I missed the opening kickoff, too, but arrived at a concourse television in time for Washington’s first play from scrimmage. It was an interception. There was literally no response from the hundreds of people around me. Not even a groan. Maybe they didn’t notice. Maybe they didn’t care.
Then I set off for the 400-level, past the sign-up table for Redskins premium tickets, past the sign-up table for the Redskins military appreciation club, past the sign-up table for the Redskins women’s club, past the sign-up table for the Redskins Visa card. Before I even made it to the ramp, I saw the guys in the Jonathan Martin and Richie Incognito Dolphins jerseys.
“We’re good friends now,” Johnny Pickett, a.k.a. Incognito, told me.
“We squashed the beef,” Bill Samson, a.k.a. Martin, added.
“We’re here to show everybody it’s about friendship,” Pickett said. “The NFL isn’t a bad league. Do something wrong, you deserve a second chance.”
But we couldn’t really finish the interview, because then came the guys in the “Hail to the Racists” and “RG3 has Ebola” T-shirts.
“We just don’t like the Redskins,” explained Shawn C., a Steelers fan, in the Ebola shirt.
“I hate Schneider because he’s a racist,” said Sean B., a 49ers fan.
I don’t know. What do you ask? What do you say? They had the T-shirts made themselves. Why?
“We hate the Redskins that much,” Shawn C. said.
Sure, there are people in novelty get-ups at every sporting event in the world. But this felt emblematic somehow — thousands staying at home, hundreds unable to get into the game on time, hundreds more oblivious to the start of a disastrous day, and four non-fans roaming the concourse, belly-flopping over the boundaries of good taste, for no particular reason other than dislike for the home team.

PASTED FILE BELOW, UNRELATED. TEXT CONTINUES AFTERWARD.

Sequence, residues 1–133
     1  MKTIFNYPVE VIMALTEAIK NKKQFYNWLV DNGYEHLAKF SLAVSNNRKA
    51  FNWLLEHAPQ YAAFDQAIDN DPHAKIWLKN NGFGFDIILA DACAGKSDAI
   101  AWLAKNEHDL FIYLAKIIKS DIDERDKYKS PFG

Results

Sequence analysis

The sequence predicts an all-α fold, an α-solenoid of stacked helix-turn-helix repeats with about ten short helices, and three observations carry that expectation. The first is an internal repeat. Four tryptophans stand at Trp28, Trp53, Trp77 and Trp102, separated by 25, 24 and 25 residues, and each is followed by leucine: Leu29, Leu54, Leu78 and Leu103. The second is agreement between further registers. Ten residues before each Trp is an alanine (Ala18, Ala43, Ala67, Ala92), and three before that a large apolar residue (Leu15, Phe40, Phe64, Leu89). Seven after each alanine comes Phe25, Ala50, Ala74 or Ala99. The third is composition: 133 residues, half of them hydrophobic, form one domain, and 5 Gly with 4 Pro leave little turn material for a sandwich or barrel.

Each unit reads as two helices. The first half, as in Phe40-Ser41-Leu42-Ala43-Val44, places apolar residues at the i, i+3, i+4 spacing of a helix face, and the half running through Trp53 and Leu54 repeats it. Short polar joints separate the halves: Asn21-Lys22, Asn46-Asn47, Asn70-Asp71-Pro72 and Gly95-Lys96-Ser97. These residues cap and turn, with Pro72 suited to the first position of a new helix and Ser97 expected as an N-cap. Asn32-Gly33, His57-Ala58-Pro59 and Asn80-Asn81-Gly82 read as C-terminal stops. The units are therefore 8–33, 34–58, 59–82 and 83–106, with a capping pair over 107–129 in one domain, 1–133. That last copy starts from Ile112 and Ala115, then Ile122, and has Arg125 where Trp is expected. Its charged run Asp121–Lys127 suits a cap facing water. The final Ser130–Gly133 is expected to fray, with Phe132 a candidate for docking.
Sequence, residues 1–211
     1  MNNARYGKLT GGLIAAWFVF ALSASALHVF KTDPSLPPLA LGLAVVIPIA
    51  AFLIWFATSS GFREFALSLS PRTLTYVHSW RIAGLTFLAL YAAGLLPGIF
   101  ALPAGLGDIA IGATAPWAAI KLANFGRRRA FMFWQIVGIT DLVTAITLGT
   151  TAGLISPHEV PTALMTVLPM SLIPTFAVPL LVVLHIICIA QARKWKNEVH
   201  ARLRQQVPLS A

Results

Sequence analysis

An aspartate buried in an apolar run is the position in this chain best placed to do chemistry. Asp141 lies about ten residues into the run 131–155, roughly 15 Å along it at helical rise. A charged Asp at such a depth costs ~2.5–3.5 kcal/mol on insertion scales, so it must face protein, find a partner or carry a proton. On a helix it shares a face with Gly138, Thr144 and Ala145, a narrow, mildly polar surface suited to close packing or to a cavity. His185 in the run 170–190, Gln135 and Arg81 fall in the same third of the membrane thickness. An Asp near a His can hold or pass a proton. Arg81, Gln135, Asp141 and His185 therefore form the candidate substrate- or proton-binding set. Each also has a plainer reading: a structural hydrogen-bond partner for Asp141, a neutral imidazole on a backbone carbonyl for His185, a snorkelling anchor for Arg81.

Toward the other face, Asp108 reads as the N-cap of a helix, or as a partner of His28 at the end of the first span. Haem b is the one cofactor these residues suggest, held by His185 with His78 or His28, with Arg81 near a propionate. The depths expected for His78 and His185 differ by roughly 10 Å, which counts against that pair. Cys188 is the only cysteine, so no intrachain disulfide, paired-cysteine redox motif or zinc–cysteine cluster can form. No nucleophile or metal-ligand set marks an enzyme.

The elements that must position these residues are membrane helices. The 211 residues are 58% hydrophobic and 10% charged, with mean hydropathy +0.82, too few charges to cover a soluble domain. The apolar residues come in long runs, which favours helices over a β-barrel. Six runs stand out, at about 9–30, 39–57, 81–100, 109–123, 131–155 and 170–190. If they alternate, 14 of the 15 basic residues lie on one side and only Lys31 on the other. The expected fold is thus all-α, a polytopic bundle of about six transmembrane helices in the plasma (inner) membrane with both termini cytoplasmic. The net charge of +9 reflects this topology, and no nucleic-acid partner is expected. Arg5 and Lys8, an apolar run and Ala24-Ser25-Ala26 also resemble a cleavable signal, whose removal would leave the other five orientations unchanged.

By now it was about 1:20, and the fans were still bunched at the gates. Once upstairs, I had my pick of seats, in any section I approached. Sure, the crowd filled in by the second quarter. But I visited about eight different sections over the course of the game, and each time, I nabbed an aisle seat within moments of my arrival. It felt like the bad old Caps days at Verizon Center, where your seat number might as well have been a Sanskrit proverb. Just sit wherever you want. Who’s going to object?
It was the sort of game filled with random profanity; one guy emerged with a Johnny Rockets chicken meal, saw the Redskins immediately give up a touchdown, and belted out a single, anguished curse.
It was also the sort of game filled with cynicism; “Nice read Robert, good read buddy!” someone shouted out when Griffin gave the ball to Alfred Morris for a one-yard gain on an option play. “Throw the ball!!!!! It’s so simple!!!!!!” someone else called out after a sack.
Near the end of the first half I bought a 16 oz. Bud Light for $9.50 — with tip, it cost
the same as more than my ticket — and listened to people argue that the game wasn’t over.
“We’ve still got a chance, we’ve still got a chance,” someone called out. “They’re the worst team in the league. We’ve still got a chance.”